The Seller’s viewpoint could be summed up in five words: Take it or leave it.
Buyers gave their answer.
The experiences from both our High Point and Low Point provide clear support for a prediction we’ll make for the year, though it’s not the boldest call I could make: 2012 will show that price and condition have never been more important in getting your home sold.
Changes To The Dictionary:
As we kick off ’12, I’m also deciding that it’s time to change the definition of some of the terms real estate Agents use (hmmm … am I allowed to do that?).
Agents have long referred to motivated and unmotivated Sellers. These categories don’t exist any longer. A Seller who is determined to do what it takes to get their home sold is, by definition, motivated. They will adjust their price as needed and will make sure their home is immaculate (as so many folks we worked with did last year). These are the people who, in all likelihood, will get to sit at a closing table.
The unmotivated Seller is typically unwilling to price attractively enough to receive an Offer. They also choose not to deal with with the moldy smell in the basement or the rotted wood that needs to be replaced. This person is not a Seller. They are a home owner. If they do happen to receive an Offer, it is likely to be for an extremely low price.
This year will be another time of great opportunity in real estate. If you’re giving thought to buying or selling a home, you no doubt have questions. Whether you’re a veteran or just starting out, Colleen and I hope you will feel welcome to contact us for assistance.
Feel free to call us at 205.356.5412 or 205.677.8686. Or e-mail us at: email@example.com
And we’re on Facebook, if you’d like to join us.
As for walking through the fog, I look forward to it. What might be ahead may not always be known, but if you’re determined to keep moving, the scene gets clearer as you forge onward.
Our optimism and positive thinking have us excited … we know there are lots of opportunities ahead.
We look forward to being part of your 2012 success story…
Sometimes, saying goodbye isn’t easy.
I had no blood relation to George Dennis Yawn, or “D,” as many of his family members called him. But it didn’t matter. Dennis treated me like family, anyway. And that wasn’t surprising, because that’s how Dennis’ wife, Martha, their son, Russell, his wife, Angie, and Dennis’ daughters, Gail and Laura, and their families have treated me over the years, as well.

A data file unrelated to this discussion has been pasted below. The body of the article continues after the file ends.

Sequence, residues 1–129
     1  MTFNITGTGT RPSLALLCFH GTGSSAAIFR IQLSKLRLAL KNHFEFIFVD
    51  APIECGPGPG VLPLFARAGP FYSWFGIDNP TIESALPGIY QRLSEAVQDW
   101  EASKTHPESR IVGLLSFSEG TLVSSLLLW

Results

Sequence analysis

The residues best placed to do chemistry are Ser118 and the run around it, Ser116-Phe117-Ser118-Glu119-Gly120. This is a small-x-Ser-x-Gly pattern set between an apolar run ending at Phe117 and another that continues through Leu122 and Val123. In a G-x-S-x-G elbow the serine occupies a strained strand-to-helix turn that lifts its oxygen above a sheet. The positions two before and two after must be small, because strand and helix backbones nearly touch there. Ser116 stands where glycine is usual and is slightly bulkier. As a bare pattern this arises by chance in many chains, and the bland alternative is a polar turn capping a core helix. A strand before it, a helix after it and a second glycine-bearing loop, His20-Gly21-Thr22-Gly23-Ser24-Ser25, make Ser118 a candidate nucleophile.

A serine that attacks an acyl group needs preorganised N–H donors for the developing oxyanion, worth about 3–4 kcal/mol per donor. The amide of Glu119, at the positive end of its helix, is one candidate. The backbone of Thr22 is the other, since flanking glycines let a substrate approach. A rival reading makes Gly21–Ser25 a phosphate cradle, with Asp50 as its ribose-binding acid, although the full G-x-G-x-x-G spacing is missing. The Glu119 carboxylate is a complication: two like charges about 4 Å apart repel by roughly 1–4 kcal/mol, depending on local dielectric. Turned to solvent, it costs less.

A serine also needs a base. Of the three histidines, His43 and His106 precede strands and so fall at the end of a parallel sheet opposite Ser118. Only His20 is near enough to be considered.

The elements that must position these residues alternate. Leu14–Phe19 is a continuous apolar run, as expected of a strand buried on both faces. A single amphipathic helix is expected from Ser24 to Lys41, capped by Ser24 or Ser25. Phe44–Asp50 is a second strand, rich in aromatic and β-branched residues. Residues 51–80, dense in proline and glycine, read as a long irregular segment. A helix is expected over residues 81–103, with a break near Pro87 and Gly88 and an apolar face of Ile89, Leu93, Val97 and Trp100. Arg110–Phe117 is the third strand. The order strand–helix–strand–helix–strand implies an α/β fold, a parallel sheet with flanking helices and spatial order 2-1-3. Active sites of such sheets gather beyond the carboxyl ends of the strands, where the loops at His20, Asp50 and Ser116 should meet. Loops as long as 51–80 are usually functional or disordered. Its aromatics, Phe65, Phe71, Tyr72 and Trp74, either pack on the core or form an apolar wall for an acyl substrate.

The Yawn family’s yearly New Year’s Day celebrations—complete with Dennis’ homemade chili—became a tradition for me, starting roughly ten years ago, when I was invited to join them at their home in Helena one January 1st.
Dennis would sometimes start work on the chili days in advance, trying various mixes of spices and ingredients. During a few chili gatherings, you even had your choice: spicy or not so spicy. There was always plenty of other food, football games to be watched on television and lots of kids running through the house.
A few times, when I got so full of food that I couldn’t move, I joked with Dennis that I’d have to take a break but that I’d be back in a few more hours for another round of eating. In his ever calm demeanor, Dennis would say, “come on.” Dennis made it clear that I didn’t need an invitation. When he said come on, he was serious.
One year, when invited to an upcoming New Year’s chili gathering, I mentioned to Dennis that—as much as I appreciated the invitation—I didn’t want to invade on what I’m sure was intended to be a family gathering.
Dennis was quick to correct my thinking. I was expected to show up.
The chili was always good, but it wasn’t just Dennis’ culinary efforts each New Year’s Day
that helped draw me into the Yawn family. It was Dennis and the Yawn family. Every one of them.
There are people whose every word you have to be careful about trusting, and then there are people who are as solid, genuine and down to earth in their dealings with you as could ever be imagined possible.
Honesty and a willingness to help others was a big part of how Dennis was wired. If you needed help, he was there, no questions asked.
Dennis lived a modest, quiet life, working every day to excel as a husband, father, grandparent and friend. He was neither flashy nor extravagant. And he served his country, as well, in the U.S. Army during the Korean War, prior to working in the private sector.